I recently returned from a whirlwind trip of Europe and points east, courtesy of Wyndham Worldwide. The giant franchisor took me to hotels in London, Dublin, Berlin, Malta, Budapest and Dubai between Nov. 3 and 14, and I'm just beginning to digest the trip (talk about jet lag).
One thing all this travel affirmed is that hospitality is different when you leave the U.S. Sure, service here can be as good as the hotels that showcase it. But in Europe and Dubai, service seems routinely ingrained, not merely learned. In addition, hospitality is a career to aspire to rather than a dead end. One cab driver in Malta who handles a lot of trips from hotels to airports told me he badly wants to work at the Corinthia San Gorg, a deluxe oceanfront hotel recently acquired by Wyndham. That way he won't be so irked by speed trapsÃ¢€”and he'll make more money.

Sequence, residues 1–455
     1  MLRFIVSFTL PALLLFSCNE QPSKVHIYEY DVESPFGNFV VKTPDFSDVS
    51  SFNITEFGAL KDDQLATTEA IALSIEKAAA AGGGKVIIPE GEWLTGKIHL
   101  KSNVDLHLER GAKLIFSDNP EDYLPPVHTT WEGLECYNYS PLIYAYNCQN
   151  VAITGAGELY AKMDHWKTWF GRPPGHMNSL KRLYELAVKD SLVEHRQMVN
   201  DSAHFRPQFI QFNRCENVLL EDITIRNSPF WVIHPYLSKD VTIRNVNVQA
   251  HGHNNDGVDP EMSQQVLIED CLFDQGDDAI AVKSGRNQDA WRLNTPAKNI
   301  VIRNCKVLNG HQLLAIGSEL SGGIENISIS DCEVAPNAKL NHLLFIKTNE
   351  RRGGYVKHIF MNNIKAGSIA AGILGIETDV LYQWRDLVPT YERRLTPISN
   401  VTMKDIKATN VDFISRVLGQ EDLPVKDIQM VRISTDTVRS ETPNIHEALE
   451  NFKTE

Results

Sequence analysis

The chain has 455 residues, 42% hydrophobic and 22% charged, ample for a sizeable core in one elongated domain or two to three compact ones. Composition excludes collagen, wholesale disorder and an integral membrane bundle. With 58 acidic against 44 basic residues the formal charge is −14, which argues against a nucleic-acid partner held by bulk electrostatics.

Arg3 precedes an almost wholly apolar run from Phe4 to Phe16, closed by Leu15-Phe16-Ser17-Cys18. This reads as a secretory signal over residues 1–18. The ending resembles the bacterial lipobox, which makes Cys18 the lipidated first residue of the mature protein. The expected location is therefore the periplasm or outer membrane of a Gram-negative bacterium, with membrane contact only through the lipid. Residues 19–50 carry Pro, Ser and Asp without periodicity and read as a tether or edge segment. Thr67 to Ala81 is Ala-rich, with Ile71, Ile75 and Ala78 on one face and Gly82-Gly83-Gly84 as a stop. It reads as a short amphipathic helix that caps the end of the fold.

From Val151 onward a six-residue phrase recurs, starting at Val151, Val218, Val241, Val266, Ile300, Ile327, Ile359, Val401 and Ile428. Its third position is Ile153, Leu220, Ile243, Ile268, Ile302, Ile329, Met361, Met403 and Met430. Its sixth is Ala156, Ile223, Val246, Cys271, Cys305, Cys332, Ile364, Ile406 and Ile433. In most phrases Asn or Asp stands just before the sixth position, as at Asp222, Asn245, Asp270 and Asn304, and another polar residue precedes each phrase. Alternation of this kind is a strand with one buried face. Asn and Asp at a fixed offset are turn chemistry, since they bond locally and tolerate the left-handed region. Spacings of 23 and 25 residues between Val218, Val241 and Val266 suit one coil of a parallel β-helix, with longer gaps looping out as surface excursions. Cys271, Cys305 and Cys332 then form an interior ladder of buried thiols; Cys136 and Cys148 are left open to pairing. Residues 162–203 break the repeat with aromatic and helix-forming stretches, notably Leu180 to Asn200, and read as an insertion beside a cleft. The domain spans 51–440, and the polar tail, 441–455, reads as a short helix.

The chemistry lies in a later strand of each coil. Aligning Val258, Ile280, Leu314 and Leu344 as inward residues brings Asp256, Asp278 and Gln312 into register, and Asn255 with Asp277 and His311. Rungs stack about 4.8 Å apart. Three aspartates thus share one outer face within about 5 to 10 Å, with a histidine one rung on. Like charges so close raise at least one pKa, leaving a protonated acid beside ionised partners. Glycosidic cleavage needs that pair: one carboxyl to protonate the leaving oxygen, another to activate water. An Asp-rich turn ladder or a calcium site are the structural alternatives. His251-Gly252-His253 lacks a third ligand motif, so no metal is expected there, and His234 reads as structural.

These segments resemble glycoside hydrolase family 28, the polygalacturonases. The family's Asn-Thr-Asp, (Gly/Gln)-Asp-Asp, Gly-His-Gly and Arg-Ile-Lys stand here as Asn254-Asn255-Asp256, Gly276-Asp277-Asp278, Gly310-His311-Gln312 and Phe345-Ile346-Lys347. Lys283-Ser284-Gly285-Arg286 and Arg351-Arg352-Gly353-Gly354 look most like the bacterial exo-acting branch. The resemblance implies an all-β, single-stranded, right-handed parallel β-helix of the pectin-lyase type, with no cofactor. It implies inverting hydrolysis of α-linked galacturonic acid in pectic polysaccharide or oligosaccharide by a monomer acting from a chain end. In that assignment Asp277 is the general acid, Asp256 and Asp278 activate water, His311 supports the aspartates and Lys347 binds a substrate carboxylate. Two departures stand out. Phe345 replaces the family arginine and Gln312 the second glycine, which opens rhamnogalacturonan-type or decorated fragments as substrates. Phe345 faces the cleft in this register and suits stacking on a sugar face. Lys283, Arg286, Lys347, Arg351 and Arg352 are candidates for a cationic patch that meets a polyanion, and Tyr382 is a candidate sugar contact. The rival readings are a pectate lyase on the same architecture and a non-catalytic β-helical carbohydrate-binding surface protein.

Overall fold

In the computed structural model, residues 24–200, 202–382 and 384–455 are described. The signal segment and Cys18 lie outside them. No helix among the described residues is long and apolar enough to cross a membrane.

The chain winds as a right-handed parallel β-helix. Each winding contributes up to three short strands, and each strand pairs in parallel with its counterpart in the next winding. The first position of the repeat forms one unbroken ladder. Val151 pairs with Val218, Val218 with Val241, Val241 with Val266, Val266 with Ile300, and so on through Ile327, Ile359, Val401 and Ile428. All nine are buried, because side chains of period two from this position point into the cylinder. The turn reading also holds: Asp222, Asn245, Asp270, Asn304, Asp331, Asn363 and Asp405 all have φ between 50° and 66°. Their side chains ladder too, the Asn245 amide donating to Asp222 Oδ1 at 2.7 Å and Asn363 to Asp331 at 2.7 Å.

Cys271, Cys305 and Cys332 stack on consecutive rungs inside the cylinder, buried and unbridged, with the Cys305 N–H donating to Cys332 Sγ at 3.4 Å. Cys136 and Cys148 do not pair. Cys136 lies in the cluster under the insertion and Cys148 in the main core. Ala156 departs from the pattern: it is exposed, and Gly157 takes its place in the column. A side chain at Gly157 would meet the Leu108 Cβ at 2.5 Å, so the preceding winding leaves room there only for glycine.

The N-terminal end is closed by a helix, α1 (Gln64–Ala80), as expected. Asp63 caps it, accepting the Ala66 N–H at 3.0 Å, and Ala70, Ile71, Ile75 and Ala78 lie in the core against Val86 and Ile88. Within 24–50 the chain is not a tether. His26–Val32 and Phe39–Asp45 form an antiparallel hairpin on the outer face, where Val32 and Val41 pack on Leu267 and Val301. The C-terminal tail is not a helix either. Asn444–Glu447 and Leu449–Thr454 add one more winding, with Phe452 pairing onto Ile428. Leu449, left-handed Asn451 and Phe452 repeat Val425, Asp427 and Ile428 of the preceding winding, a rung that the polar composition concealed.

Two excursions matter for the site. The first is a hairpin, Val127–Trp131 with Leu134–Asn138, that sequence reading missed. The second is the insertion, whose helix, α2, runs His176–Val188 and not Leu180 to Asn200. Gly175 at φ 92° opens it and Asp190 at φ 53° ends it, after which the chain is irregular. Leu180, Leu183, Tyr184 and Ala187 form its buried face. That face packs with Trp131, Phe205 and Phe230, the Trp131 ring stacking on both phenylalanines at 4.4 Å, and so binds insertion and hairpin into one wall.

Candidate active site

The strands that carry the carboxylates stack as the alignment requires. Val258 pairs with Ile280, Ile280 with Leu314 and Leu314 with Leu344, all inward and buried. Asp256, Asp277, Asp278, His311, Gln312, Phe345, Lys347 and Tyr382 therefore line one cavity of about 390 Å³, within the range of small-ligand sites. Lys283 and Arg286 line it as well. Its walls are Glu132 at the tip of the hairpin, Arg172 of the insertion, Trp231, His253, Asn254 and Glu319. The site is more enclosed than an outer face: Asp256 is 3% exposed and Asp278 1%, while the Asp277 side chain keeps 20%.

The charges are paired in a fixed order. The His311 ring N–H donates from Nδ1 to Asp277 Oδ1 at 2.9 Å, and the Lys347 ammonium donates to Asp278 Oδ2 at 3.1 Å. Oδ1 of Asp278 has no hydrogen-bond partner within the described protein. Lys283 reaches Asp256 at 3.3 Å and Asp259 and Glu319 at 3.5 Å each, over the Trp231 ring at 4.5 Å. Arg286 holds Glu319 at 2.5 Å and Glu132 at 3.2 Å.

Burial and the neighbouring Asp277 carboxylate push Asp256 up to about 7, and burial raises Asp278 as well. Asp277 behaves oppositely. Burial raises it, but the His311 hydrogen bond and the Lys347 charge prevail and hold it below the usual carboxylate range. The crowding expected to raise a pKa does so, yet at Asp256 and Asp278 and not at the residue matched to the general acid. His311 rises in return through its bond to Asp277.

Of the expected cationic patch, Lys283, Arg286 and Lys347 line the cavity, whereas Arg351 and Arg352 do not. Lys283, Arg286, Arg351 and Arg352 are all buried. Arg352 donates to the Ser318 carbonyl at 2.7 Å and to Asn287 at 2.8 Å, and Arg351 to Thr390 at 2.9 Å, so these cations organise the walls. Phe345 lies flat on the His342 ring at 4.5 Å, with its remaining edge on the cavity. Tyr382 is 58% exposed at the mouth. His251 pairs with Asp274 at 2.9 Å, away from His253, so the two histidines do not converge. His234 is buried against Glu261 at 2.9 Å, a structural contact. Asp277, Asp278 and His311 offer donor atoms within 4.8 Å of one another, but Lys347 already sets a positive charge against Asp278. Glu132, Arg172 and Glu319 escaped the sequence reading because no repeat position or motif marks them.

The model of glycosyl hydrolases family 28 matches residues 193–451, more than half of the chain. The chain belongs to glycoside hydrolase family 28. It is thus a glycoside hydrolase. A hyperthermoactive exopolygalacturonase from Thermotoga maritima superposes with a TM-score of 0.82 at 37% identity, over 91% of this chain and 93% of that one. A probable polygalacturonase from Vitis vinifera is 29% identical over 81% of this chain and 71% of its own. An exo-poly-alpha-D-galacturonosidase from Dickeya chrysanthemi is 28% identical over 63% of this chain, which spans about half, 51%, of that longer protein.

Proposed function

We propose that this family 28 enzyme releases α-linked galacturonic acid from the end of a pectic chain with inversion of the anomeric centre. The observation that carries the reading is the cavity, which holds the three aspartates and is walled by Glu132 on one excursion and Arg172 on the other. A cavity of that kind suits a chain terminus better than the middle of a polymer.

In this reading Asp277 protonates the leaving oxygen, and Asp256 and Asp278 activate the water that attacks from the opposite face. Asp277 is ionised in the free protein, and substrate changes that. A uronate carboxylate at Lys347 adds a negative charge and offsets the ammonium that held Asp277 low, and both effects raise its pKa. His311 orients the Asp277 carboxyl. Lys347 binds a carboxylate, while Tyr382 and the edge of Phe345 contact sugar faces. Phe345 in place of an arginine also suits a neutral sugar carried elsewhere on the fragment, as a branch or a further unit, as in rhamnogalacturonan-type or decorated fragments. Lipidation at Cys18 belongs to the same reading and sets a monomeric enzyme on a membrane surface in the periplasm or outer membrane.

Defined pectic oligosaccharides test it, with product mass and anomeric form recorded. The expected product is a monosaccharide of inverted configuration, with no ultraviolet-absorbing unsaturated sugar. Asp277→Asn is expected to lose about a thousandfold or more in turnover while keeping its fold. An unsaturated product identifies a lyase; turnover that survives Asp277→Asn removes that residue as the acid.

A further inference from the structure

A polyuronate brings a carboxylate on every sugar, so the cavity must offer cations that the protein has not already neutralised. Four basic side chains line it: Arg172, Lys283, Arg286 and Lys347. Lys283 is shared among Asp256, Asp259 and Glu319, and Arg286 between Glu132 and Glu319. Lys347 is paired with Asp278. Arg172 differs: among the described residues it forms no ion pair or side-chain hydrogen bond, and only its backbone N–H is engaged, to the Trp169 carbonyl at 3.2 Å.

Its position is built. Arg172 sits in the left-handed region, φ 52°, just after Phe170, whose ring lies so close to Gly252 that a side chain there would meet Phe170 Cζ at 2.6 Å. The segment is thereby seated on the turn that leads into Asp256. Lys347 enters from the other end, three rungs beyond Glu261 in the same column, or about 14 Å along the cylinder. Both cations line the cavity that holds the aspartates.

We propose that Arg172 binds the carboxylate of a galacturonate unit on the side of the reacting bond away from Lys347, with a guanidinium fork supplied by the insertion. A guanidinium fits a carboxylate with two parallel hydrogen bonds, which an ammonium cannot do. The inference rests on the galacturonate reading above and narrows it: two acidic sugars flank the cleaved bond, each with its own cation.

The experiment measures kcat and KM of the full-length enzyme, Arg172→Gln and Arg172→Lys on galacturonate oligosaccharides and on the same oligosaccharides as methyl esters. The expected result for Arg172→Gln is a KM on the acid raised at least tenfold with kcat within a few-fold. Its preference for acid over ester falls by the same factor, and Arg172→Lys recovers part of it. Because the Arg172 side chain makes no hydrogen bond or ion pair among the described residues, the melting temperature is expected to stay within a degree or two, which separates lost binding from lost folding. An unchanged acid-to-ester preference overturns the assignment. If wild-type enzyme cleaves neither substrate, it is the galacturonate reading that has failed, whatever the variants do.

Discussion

I also discovered that a Days Inn in Dublin is very different from one in suburban New Jersey and that a Ramada can take many different shapes and approaches. Days Inns we visited in Ireland are modern and technologically sophisticated. They also feature full-service restaurants, appropriate to places where food is viewed with respect rather than as fuel. And Ramadas in London, Berlin and Dubai came in all different styles and personalities.
The idea of the trip was to see how cultures and benefit each other. Travel is indeed illuminating. And I haven't even begun to describe Dubai, the boom town to beat all boom towns (Las Vegas, move over). I look forward to writing stories about my trip.